“The global economy will be unstable for this entire decade. So the best thing you can do is to build a strong foundation for yourself. That you can stand tall and stable like a mountain, and let the winds of change come and go. Use this extra time to be with yourself and build yourself up physically, emotionally, psychologically and spiritually. Use and combine whatever methods that work the best for you — exercise, healthy lifestyle, meditation, therapy, prayer and so on. Just make yourself self-reliant and build or join a community of like-minded friends.” – Andrej Uličný, digital nomad, Phnom Penh, Cambodia

Time To Rebuild

“We should take better control of our lives and begin rebuilding lost relationships, friendships, hopes and dreams. Two years have given us enough time to reflect on how callous, indifferent, indulgent, ambitious negligent, opinionated and prejudicial we have become, and how our actions, indifference and negligence at home, at work and in society have damaged the very essence of humanity. 

“Let us try looking inward at ourselves and make some serious efforts to contain and preserve what matters. Let us be more aware and actively protect our environment, reduce waste, refrain from overconsumption and overindulgence and support sustainability and ethical initiatives all around us. We should know by now how vulnerable we are and how our way of life has only complicated our vision of the future. We must not pass on the world in a worse form to the next generation than how we inherited it. Let the year 2022 be the year of Reflection, Hope and Faith. — Raj Kaul, entrepreneur, Melbourne, Australia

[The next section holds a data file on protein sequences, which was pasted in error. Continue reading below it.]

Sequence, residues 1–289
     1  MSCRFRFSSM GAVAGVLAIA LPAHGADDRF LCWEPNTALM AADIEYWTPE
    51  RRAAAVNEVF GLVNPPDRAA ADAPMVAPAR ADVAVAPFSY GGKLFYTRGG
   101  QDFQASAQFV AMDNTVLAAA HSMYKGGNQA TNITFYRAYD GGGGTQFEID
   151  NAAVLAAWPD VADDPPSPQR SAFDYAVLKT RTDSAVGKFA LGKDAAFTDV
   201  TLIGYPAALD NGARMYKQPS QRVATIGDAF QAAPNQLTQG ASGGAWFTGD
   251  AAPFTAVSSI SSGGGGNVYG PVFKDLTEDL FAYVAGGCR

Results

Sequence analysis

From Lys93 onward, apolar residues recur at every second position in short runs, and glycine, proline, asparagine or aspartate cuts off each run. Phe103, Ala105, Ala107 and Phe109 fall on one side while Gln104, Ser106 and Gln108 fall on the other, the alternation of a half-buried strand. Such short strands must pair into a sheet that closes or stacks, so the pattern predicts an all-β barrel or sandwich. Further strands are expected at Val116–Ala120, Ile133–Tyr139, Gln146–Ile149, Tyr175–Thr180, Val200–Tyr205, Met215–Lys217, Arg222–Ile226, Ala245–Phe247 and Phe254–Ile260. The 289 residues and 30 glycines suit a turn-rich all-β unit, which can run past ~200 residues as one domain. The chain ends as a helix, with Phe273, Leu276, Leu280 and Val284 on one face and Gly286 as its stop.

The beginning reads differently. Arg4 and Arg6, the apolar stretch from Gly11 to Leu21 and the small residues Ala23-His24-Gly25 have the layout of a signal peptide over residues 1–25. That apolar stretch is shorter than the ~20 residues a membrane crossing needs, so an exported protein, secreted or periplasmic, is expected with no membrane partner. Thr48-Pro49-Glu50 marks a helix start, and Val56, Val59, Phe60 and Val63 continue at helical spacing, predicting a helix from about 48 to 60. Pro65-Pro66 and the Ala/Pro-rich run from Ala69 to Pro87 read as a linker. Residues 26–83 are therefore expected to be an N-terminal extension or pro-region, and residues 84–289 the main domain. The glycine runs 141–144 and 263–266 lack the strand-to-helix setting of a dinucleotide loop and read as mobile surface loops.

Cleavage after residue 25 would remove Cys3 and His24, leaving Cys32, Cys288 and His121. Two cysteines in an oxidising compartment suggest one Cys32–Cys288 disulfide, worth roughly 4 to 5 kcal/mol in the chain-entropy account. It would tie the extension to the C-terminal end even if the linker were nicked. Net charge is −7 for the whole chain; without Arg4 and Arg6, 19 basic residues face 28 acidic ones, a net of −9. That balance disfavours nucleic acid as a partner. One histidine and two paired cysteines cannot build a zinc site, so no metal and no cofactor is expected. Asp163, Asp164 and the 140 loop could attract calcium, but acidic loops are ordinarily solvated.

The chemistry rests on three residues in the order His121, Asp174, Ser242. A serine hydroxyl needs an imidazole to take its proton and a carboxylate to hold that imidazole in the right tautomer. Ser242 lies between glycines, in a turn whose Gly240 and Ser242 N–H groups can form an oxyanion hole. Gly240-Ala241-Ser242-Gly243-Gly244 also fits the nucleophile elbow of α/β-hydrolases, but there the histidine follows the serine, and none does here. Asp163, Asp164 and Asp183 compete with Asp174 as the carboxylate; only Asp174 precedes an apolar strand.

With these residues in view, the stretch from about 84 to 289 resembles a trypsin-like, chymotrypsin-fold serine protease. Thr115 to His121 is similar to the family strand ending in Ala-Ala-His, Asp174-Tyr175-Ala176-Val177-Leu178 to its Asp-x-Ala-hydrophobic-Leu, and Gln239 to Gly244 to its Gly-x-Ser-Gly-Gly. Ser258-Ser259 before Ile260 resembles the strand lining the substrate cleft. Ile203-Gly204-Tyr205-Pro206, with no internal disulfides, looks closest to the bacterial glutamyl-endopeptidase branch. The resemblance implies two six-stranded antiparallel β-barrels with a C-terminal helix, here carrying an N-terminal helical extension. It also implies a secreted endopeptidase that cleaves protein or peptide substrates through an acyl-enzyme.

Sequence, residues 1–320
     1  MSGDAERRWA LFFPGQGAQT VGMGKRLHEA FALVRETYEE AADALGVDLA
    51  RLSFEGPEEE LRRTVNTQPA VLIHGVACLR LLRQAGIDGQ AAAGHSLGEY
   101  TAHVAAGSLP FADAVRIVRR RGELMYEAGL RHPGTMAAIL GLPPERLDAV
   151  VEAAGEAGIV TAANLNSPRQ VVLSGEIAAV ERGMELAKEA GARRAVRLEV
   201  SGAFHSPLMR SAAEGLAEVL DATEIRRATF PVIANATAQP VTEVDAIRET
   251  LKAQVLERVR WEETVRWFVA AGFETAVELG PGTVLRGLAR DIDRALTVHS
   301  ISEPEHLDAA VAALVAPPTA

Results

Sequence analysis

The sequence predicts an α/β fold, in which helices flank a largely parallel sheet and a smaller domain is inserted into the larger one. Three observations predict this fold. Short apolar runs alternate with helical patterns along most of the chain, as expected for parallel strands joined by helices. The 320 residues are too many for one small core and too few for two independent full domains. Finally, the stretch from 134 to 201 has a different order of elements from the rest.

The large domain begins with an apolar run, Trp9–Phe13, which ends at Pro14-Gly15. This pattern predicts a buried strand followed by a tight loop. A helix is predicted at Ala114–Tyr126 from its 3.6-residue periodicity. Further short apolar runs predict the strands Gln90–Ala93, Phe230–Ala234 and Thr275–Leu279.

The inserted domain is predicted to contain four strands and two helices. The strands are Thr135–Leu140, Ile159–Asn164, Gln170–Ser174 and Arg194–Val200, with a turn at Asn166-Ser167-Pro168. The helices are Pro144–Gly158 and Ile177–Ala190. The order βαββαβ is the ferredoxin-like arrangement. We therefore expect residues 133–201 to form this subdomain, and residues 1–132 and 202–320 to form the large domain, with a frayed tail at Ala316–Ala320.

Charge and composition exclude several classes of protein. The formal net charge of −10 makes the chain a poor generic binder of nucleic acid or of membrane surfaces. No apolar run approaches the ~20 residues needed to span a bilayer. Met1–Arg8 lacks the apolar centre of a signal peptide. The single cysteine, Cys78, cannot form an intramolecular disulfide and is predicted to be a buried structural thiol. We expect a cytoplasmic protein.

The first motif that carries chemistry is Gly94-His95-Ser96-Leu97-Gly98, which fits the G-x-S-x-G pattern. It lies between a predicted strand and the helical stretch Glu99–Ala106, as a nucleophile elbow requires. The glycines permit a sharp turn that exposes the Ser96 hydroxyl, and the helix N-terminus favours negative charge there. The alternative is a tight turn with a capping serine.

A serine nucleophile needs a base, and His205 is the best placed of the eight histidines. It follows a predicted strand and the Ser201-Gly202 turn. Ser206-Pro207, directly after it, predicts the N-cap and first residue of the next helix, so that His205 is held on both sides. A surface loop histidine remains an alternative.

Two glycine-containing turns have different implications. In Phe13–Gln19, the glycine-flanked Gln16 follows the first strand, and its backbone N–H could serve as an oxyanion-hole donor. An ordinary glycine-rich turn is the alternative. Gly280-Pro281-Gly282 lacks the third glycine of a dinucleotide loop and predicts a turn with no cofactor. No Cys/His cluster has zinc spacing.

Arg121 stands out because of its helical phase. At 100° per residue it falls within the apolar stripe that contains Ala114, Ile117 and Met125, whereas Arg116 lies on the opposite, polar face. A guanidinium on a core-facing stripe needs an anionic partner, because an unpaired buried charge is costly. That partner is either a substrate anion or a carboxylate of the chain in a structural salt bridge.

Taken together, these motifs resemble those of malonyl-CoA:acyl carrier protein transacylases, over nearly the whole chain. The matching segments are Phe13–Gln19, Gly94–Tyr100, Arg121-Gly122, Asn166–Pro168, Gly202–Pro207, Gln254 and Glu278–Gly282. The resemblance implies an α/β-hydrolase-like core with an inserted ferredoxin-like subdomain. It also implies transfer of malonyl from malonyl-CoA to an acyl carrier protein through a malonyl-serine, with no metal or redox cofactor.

Fair Play Please

“I hope we can all learn to live with covid and take necessary precautions, but get on with our lives. Retail in malls is fuelled by confidence and certainty and we need the people to come out to eat and shop. I also hope VTL arrangements can continue to carry on. Lastly I wish that fair tenancy can be enforced soon and landlords work hand in hand with tenants to create a sustainable retail environment. Hopefully we do not head back to pre-covid days where rent increase was the only business model.” — Bernard Yang, retailer, Singapore

“I want my life back.” — P.N.Balji, author, Singapore

The views expressed are those of the respective commentators.